why you pick left4dead test did you thing this game even worth 4850 to run it , wht about real games crysis warhead , stalker clear sky
Posted on Reply
#11
imperialreign
DaedalusHelios said:
Multi-GPU scaling is CPU hungry from my experience.

Even your 4870X2's would see a serious difference in frames with an i7 920 at 4Ghz.

i7 is not that expensive if you buy used too. :cool:

Your parts sold that would be replaced by i7 parts would maybe be a $100 difference in price. But its your choice, I would think it would be a good management of funds.
I completely understand what you're saying, although, with my own testing, the real system bottleneck for GPUs is the BUS - and past a certain point, the performance increase becomes rather marginal (at least on my setup) . . . can't remember if it was a BUS of 450 or 475 . . .

Anyhow, it might be completely different with the 5000 series . . .

Asides, I don't use many programs that would greatly benefit from the i7, perhaps Sound Forge, but everything is already pretty blazing fast with my current CPU and clock speeds . . .

Perhaps into next year, as I've given it some thought, as I'm planning on building a second rig . . .
Posted on Reply
#12
PP Mguire
The i7s are faster clock for clock though so at 4ghz it would be able to feed your gpu more information.
Posted on Reply
#13
imperialreign
PP Mguire said:
The i7s are faster clock for clock though so at 4ghz it would be able to feed your gpu more information.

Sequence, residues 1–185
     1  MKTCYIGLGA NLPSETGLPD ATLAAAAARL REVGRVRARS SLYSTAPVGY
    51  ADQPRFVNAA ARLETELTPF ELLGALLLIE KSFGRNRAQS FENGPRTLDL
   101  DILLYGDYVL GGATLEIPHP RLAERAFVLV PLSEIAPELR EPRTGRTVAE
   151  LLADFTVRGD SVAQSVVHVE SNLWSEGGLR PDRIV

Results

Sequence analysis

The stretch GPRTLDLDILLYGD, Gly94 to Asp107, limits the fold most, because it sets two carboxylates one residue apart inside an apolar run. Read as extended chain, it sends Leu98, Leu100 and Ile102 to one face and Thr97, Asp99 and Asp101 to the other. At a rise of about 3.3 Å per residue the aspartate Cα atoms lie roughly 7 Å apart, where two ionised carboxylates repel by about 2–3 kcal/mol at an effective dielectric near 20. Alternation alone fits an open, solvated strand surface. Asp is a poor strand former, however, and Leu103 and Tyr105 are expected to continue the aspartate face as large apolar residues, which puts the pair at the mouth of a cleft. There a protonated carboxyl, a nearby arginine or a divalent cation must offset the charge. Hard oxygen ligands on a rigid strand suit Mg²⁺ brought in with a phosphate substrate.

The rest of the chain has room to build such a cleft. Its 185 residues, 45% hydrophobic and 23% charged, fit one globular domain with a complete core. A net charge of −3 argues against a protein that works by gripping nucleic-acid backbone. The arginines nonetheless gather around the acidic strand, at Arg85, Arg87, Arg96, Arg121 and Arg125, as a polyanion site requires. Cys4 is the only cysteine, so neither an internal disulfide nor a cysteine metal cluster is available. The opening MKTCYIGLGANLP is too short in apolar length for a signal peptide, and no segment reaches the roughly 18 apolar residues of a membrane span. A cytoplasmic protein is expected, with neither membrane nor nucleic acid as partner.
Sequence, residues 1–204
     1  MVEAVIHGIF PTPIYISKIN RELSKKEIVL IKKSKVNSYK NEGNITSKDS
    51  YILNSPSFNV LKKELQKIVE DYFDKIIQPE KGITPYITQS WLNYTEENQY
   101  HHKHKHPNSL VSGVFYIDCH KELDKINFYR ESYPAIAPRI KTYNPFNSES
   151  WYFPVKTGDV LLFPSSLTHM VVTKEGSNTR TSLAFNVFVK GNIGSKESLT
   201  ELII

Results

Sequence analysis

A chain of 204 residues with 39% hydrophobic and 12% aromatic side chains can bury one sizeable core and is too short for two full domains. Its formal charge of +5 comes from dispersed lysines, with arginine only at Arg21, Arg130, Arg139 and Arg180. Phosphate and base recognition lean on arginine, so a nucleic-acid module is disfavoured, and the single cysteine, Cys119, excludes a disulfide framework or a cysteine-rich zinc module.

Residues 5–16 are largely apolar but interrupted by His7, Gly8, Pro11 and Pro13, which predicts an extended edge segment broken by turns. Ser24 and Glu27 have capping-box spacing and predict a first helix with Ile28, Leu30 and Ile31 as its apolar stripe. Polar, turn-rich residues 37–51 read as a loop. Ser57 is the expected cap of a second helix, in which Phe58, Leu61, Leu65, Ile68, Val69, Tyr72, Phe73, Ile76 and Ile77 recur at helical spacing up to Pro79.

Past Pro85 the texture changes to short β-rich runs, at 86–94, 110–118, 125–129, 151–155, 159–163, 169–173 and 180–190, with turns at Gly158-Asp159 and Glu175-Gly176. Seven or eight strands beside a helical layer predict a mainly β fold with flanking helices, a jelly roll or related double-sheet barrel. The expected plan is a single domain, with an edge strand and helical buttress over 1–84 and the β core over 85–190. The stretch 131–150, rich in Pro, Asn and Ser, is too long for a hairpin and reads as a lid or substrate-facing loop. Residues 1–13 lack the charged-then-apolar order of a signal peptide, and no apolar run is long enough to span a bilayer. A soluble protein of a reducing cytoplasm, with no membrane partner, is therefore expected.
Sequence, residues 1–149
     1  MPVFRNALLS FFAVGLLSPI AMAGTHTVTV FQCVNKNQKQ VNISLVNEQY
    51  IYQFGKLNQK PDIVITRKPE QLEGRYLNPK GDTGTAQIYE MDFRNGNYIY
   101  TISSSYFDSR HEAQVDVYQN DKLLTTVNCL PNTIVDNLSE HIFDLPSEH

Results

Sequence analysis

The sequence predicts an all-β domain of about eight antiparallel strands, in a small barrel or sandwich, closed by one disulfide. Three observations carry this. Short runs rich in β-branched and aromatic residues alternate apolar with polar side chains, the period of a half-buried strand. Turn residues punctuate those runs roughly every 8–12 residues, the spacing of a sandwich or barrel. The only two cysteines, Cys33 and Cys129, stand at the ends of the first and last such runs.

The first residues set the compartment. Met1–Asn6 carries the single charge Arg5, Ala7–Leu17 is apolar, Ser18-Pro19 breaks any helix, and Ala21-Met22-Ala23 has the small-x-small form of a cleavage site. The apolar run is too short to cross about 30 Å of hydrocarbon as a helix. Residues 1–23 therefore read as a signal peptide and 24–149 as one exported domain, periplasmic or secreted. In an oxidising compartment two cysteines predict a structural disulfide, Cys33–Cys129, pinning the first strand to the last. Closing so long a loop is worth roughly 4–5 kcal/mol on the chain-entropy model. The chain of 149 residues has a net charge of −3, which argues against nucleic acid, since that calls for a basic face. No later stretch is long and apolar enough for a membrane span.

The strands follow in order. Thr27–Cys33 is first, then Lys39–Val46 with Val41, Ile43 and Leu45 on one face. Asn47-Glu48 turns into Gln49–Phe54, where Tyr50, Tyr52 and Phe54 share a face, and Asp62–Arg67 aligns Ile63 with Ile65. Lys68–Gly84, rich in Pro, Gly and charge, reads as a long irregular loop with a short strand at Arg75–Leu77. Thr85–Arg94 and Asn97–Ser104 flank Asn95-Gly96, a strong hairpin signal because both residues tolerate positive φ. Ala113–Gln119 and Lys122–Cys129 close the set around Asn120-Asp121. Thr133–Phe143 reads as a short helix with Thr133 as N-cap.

Unless I'm mistaken, it's not so much the CPU that holds up the GPU(s), but the BUS - sure, CPU clock speed does factor in, but so does your DRAM clock speeds, and your BUS speeds more-so.


Let's also not forget this interesting article that was written a little over a year ago: http://www.guru3d.com/article/cpu-scaling-in-games-with-quad-core-processors/1


Not saying any of y'all are wrong, as the CPU/mobo combo does factor in, but past a certain point, it truly doesn't matter what CPU you're packing - the higher the resolution you're running, the more you're bound to your GPUs limitations.

That being said, I don't see much of a point (ATM in time) to upgrade to an i7 setup . . . I'm already pushing a C2Q at heretical 24/7 speeds, not to mention how hard I push my system overall (y'all know how I like to slaughter my DRAM :p ). Perhaps in the next year I'll make that jump, as I start building up a secondary system with all these spare parts I have laying around . . . but ATM, I don't feel I'd see much benefit (aside from the upgraded e-peen and bragging rights).
Posted on Reply
#14
Meizuman
Would definitely be nice to see some benchmarks with lower end CPU's... Thing I would like to see is how the old 9950 handles games with these beasts and how much boost there would be from going 4850 -> 5850. At least on TPU's simulated single 5850 give almost 100% boost compared to 4850. But that was with i7 920, IIRC. I want to see how much there would be CPU bottlenecking... It really wouldn't matter much if minimum FPS doesn't drop to unplayable numbers... (that with high res and high AA/AF). One thing I would want to do with 5800 series is enable the Global illumination on S.T.A.L.K.E.R.
Posted on Reply
#15
DaedalusHelios
I had a stock E2160 with 4GB of ram and a GTX 280. On CODWAW it dropped to 20FPS on medium settings 1600x1200 with a bunch of zombies on screen... It basically took a dump.